Media raps Microsoft and IBM

Even a profit bump of 30% couldn't buy Microsoft positive ink yesterday. Microsoft came off in the media as vulnerable. But it could have been worse: Microsoft could be IBM.

Even a profit bump of 30% couldn't buy Microsoft positive ink yesterday. Not that Redmond didn't try. But despite beating analysts' quarterly estimates and issuing an energetic press release that cited "awesome" PC demand as the reason for its new pile of cash, Microsoft came off in the media as vulnerable.

It could have been worse: Microsoft could be IBM. The day before its own earnings announcement, Big Blue went public with the news that it's ditching retail sales of its PC line. While the top software maker faced skepticism, the top computer maker received mostly pity.

Part of the reason the media shrugged off Microsoft's numbers is that reporters have been to Redmond's earnings theater before. The New York Times' Steve Lohr called the announcements "a practiced quarterly ritual in which Microsoft reports extraordinary profit figures accompanied by guarded commentary about the many challenges the company faces ahead." Despite Microsoft's bouncy adjectives and the upbeat demeanor of its usually understated CFO, according to Lohr, the media questioned the $US110 million decline in deferred revenue from last quarter, a figure analysts view as an important financial cushion. But as for what happened, Lohr left readers hanging with the comment that Maffei chalked it up to seasonality.

Lohr pointed out that while the event was scripted to convey the image of a company on the road to Net success, analysts wonder whether Redmond's software has the stuff to compete with IBM and Sun to run the fired-up data-center computers that make the Net hum. Microsoft made little mention of its newly minted joint venture with Telmex, Mexico's largest telecom company, to create a Spanish-language portal. But the Telmex deal raised some analyst eyebrows, according to the Los Angeles Times. "Microsoft hasn't even done well with its own portal," scoffed Michael West of research firm MWest.com. "Why should they do any better in Mexico?"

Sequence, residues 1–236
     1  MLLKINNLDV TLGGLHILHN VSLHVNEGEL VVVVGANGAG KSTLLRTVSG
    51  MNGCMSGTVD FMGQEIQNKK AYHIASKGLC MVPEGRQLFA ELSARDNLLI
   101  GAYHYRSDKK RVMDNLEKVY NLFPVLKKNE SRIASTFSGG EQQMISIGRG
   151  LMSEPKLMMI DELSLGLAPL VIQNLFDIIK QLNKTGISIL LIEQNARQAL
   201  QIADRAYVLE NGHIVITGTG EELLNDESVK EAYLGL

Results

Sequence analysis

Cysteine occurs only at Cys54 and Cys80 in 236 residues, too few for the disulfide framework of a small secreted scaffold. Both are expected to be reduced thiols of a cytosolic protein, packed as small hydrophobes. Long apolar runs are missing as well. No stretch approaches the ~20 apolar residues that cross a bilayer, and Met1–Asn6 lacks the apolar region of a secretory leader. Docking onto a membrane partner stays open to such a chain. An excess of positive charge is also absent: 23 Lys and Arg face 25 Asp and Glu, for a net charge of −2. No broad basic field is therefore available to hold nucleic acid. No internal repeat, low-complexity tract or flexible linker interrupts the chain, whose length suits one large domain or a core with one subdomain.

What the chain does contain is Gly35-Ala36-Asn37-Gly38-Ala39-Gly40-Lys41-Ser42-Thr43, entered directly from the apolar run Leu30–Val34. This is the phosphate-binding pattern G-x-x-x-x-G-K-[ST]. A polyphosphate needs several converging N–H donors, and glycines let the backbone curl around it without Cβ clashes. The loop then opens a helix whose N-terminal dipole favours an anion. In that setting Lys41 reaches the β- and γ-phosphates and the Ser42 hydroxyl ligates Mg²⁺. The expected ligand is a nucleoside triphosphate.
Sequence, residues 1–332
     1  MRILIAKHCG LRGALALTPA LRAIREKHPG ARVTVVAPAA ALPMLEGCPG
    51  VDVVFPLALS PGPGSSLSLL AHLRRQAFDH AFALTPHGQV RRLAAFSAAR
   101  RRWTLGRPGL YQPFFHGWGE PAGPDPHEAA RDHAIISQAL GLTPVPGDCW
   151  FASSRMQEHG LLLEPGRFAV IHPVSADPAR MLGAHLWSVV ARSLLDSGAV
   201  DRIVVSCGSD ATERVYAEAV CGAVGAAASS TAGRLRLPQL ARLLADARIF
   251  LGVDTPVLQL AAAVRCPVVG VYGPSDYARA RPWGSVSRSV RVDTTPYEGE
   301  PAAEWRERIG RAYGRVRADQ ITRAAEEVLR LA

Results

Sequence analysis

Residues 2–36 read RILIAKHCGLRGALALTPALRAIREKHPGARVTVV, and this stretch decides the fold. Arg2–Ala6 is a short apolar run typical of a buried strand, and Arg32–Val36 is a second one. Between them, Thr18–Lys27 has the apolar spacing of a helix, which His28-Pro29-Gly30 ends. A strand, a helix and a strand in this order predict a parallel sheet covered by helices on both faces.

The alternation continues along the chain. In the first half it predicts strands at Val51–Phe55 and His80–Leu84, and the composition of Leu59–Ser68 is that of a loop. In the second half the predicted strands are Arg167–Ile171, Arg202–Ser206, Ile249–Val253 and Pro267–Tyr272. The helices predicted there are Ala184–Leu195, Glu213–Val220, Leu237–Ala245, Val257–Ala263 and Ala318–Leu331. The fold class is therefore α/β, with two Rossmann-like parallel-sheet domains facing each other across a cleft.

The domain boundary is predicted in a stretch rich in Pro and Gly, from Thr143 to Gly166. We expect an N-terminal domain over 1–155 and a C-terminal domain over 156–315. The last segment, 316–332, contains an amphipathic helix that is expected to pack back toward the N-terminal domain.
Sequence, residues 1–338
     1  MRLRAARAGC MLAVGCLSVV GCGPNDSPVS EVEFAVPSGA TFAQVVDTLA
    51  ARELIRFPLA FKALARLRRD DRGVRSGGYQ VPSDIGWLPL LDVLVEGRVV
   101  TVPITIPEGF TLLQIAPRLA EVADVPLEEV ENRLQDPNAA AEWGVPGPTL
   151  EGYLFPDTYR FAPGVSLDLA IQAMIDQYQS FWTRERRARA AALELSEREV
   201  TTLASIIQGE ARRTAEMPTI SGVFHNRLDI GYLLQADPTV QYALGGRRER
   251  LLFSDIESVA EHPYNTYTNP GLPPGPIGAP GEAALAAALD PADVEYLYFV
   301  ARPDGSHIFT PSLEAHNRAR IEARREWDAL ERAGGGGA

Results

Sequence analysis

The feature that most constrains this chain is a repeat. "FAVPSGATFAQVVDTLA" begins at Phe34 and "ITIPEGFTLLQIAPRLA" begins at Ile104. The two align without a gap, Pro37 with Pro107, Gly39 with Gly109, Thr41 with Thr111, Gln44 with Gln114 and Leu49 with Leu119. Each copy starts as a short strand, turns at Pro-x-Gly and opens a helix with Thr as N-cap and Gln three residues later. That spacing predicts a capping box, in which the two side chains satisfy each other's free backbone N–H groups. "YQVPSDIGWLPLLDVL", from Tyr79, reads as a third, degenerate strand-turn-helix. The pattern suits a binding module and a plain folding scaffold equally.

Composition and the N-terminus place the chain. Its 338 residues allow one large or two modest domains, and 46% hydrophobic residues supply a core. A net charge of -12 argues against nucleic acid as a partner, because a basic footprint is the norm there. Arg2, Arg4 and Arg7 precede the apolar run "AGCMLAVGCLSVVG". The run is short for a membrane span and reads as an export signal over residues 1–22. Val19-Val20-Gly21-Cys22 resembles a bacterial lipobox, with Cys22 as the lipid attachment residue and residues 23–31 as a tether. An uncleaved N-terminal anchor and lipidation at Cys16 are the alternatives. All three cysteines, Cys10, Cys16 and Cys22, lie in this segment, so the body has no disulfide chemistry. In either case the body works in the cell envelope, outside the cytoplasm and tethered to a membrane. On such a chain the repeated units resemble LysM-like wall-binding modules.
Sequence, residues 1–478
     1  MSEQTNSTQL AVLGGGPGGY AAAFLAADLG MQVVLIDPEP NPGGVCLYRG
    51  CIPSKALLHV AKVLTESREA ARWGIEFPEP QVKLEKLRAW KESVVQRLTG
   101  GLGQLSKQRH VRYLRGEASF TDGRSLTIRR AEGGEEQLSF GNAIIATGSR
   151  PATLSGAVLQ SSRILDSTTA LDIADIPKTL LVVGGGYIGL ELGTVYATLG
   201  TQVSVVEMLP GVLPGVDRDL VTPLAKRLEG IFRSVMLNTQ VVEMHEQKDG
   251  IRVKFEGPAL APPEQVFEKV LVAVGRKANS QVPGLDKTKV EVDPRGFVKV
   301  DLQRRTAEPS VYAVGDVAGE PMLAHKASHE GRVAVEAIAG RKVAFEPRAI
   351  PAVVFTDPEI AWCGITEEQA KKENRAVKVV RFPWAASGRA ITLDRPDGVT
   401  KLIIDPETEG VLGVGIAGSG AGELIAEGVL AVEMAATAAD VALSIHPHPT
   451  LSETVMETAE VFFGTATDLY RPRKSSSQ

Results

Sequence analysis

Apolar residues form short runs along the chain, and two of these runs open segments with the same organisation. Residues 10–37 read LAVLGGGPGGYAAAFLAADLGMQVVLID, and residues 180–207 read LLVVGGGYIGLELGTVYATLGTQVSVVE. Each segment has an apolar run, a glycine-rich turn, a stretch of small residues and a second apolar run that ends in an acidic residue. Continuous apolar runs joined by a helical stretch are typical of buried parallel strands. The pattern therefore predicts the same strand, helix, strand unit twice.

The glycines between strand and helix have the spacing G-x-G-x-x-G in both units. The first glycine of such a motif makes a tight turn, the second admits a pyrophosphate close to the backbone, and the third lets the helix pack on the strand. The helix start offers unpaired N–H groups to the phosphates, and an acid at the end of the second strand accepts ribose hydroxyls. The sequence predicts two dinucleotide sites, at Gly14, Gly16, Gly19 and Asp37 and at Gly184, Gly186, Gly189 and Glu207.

Some outlets saw the earnings as good news. TheStreet.com's Michael Brick wrote that the earnings had surprised some analysts who had anticipated the worst after Microsoft prez Steve Ballmer's recent efforts to talk down the stock price. The Washington Post ran a largely positive account. And Reuters chimed in with a quote from Scott McAdams of the Seattle brokerage McAdams Wright Ragen to the effect that it was a good quarter, particularly considering there weren't any upgrades. Some outlets, though, saw that as a problem. CBS MarketWatch's Mike Tarsala wrote that Maffei gave little guidance on when the long-expected Windows 2000 software would arrive. Tarsala also mentioned that the delays have already dented Microsoft's credibility with customers.

The press clobbered IBM for its decision to yank its desktop PCs from retail stores in favor of Net-only sales. The Los Angeles Times pegged it as a continued retreat, News.com saw it as an obviously embarrassing flip-flop, and the Wall Street Journal called it "a sobering defeat" for the largest computer maker. The Journal's Jon Auerbach reported unnamed sources as saying that IBM is losing money on every PC it builds. Once the Christmas rush is over, Aptiva will go online, while the Thinkpad will still be sold in stores. Only retailer OfficeMax will continue to sell Aptiva.

IBM PC exec David Thomas told the New York Times' Saul Hansell that Big Blue can't support its infrastructure on the thin margins of low-priced home PCs. Analysts said that's because IBM's approach is inconsistent and the company is late to spot trends. Said Ziff Davis analyst Mathew Sargent, "IBM reminds me of a 747 that takes off, climbs to 40,000 feet, then does a nosedive and pulls out just before it crashes."

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